Millennium Development Goals Essay

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Introduction to the Millennium Development Goals
In September 2000 at the beginning of the new millennium the biggest gathering of world leaders came together at the United Nations to create a broad framework to fight poverty in the form of eight Millennium Development Goals (MDGs.) 172 nations committed to reach these goals in the next fifteen years. fifteen years later in 2015 the era of the MDGs is now ending, and all 193 member states of the United Nations have committed to 17 new Global Goals for Sustainable Development that will reshape global priorities for the next 15 years.

The specific Millennium Development Goal I choose to focus on is the MDG which aims to promote gender equality and empower women. The Indicators or subgoals
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If the world continues at the pace witnessed during the era of the MDG’s, it will take nearly 40 years to reach gender parity in parliaments. It is clear that women have an equal right to be heard and make decisions, they also have much to contribute, new perspectives to bring to parliamentary debate, and are an increased pool of talent that will raise a countries overall productivity. Yet unequal representation is the norm all over the globe. Inequality in gender representation not only persists within governments and political parties but also in global businesses, NGOs and social organisations. If this unequal representation continues it limits and in some cases stops women influencing the information and ideas that shape policies and laws. Globally, women hold less than 22% of seats in national parliaments. As of January 2015, only 10 women have served as heads of state and 15 as heads of government. This power imbalance effects all government and social systems in every country in the world. This means no country is using their full pool of talent and all countries are lacking the influence of one half of the…show more content…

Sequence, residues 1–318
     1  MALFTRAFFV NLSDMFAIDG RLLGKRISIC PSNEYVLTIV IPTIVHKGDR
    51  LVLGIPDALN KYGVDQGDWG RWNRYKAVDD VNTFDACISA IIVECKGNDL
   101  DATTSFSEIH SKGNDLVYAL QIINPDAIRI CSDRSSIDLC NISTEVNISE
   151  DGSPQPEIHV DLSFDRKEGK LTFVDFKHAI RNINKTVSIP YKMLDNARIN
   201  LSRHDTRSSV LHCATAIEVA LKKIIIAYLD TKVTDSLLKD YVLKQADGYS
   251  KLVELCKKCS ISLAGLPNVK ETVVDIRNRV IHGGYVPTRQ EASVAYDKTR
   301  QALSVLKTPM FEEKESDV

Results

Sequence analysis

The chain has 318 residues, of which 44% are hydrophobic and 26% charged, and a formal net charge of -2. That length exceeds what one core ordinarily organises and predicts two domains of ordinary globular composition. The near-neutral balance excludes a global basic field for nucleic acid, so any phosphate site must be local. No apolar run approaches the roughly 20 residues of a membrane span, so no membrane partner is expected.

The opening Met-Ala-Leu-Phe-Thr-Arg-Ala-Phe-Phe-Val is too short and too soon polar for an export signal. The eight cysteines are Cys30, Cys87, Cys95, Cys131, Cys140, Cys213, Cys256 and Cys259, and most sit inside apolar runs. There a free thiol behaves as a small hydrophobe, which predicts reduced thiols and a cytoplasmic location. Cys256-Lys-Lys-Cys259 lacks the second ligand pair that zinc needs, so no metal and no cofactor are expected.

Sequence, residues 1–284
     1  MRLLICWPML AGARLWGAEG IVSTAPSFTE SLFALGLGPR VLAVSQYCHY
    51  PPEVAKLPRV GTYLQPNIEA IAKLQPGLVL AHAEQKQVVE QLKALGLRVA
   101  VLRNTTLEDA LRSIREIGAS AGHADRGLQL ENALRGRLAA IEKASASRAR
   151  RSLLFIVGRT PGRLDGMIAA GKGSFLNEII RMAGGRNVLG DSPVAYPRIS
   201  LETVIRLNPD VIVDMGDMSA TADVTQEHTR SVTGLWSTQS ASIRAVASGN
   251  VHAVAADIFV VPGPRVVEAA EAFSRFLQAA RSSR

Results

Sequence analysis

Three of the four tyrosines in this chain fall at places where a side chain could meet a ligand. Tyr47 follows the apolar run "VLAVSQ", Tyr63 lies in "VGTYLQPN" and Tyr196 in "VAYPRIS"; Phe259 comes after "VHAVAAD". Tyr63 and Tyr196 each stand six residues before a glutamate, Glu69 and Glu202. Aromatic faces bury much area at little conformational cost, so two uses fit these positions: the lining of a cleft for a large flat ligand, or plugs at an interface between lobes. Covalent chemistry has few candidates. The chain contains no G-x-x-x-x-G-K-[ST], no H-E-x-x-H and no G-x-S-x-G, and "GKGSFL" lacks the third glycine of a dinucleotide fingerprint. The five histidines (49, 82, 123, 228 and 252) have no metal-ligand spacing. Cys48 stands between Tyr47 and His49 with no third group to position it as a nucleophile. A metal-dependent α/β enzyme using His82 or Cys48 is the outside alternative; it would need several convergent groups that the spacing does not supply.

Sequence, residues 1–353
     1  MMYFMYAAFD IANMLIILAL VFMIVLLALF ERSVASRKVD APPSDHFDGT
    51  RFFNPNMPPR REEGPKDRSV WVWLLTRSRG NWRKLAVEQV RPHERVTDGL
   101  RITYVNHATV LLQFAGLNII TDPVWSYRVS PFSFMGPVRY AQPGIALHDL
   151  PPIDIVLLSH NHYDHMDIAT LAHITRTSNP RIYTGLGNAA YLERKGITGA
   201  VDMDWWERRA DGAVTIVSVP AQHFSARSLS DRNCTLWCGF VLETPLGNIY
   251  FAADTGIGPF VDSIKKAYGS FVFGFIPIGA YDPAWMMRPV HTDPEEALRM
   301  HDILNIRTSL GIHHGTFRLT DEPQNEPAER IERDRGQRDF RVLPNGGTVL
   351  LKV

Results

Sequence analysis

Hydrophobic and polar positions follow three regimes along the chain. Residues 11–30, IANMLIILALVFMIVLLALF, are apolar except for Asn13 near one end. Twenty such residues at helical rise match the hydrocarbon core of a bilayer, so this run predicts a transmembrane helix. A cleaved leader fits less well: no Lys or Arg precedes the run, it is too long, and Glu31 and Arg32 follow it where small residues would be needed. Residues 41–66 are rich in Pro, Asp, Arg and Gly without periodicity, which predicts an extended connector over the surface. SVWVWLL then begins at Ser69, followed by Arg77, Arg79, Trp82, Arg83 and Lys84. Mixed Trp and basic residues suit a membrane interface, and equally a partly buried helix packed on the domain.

I new there were major problems with women representation in leadership and decision making positions but I was shocked at the extent of the problem. Today women occupy 30 per cent of parliamentary seats in only 20 countries, with none of these countries is in Asia. I realised through my research that unless gender parity can be reached in governance, as well as other influential positions, the overall Millennium Development Goal of gender equality and women’s empowerment cannot be achieved. What I learnt was that the cost of women’s exclusion is much more than just women’s exclusion. Not having women in parliament creates ineffective governance. This leads to poverty, poor education and health of all sexes, domestic violence, social unrest, and institutionalised inequality. Empowering women and increasing our presence in leadership and government positions is the solution for struggling governments. This can disrupt cycles of poverty and disfunction and like we can see in Rwanda completely transform a government. On reflection despite the goal aimed at equity for women the MDGs were silent on many issues at the very heart of gender inequality including reproductive rights, and violence against women. Unless all these issues are addressed the overall goal of gender equity will never be achieved and one way we can insure these
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